Woman Shares Realities of Hoarder House in Viral Video: 'Pure Filth'

A woman has taken to TikTok to show what her deceased sister's home looked like after "50 years of hoarding."

Posting to the app on December 20, Rom Deusson uploaded a video giving a tour of her late sibling's cluttered and dirty house. It has so far been viewed more than 9.8 million times.

The clip shows thick cobwebs on the walls and piles of cat boxes, fans and other dust-coated items.

Speaking over her video, which can be watched here, Deusson explained: "It's been a long time since I uploaded, but I wanted to show you guys something, this is part of what's kept me away.

"This is not my home. This is the home of direct relative of mine who passed away who would not allow us in her house for over 30 years. This is the result of 50 years of hoarding."

In another video, which has been watched 1.7 million times, she revealed the inside of the kitchen, where every surface is covered with items and layers of grime.

Deusson said: "The electrical outlets don't work, the floor is pure filth, the refrigerator is in pieces... but this is the kitchen and it is absolute horror."

An additional clip, which can be viewed here, showcased a corridor. The TikToker highlighted black mold, and pointed to a room that has no ceiling.

Deusson said: "I have my respirator on now as words can't describe the smell"

Captioning a photo montage of the devastation on December 27, the woman wrote: "Raccoons still live in the steamer chests. Took these standing on a dresser bc floor was feces/standing water. Rotted hot water heater is ceiling."

According to mental health charity Mind: "Hoarding is when your need to keep things causes you distress or interferes with your day to day life."


“Its juat solidified” not “select flight”. I was talking through a mask. #hoarder #hoarders #hoarderhouse #hoardershouse #mentalhealthmatters

♬ original sound - Rom Deussen

While hoarding used to be thought of as form of OCD (obsessive compulsive disorder) Mind explains: "It is increasingly being recognised that hoarding can be a condition by itself, as well as sometimes being a symptom of other mental health problems."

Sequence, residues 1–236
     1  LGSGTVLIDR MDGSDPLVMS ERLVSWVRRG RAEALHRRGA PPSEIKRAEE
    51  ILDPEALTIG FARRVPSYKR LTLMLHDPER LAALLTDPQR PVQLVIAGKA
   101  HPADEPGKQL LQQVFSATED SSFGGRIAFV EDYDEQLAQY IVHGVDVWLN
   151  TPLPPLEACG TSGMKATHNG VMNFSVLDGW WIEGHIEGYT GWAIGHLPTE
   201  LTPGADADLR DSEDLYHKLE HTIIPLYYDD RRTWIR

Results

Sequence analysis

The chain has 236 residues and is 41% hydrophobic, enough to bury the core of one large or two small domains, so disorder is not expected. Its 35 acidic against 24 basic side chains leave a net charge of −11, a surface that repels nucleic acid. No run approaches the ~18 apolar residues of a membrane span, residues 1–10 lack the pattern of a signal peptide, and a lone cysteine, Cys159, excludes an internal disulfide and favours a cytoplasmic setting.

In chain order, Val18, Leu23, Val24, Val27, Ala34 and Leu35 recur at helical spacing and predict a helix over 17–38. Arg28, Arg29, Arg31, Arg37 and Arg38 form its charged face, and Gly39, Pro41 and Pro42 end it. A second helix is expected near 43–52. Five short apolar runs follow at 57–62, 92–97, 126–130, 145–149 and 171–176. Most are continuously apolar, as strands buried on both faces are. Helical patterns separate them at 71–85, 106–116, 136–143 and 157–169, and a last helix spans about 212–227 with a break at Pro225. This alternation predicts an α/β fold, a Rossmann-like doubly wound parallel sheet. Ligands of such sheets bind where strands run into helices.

Researchers currently estimate compulsive hoarding affects 1 in every 50 people in the U.S.

Many people have left comments on Deusson's videos sharing their sympathy including a TikTok user called Lisa, who wrote: "Poor thing....she must have been so tired..."

User7881537622854 added: "My dad was a hoarder...we had to toss everything, don't try to clean until it's empty...put on gloves throw in a dumpster.."

Sascha typed: "God. I wish she had gotten the help she needed. nobody lives like that on purpose."

Septima added: "It's dirty but damn that house was once very beautiful!"

Denise Atkinson-Pere commented: "Obviously this person had some issues but blasting them after they passed away is wrong you should keep this private."

To this, Deussen responded: "I understand how it may look. But SO many of us are in the same boat and no one talks about the aftermath. She would not let us help her. The courts would not let us help her. So we are left with this. And if you are too you arent alone.

"I'm not shaming her. I'm sharing how this affects all involved. It killed her. It angers and saddens me. The hoard is its own entity. Never did I shame her."

Newsweek has contacted Deusson for comment.

A stock image of a messy kitchen. On TikTok one woman has revealed the shocking extent of her sister's hoarding. iStock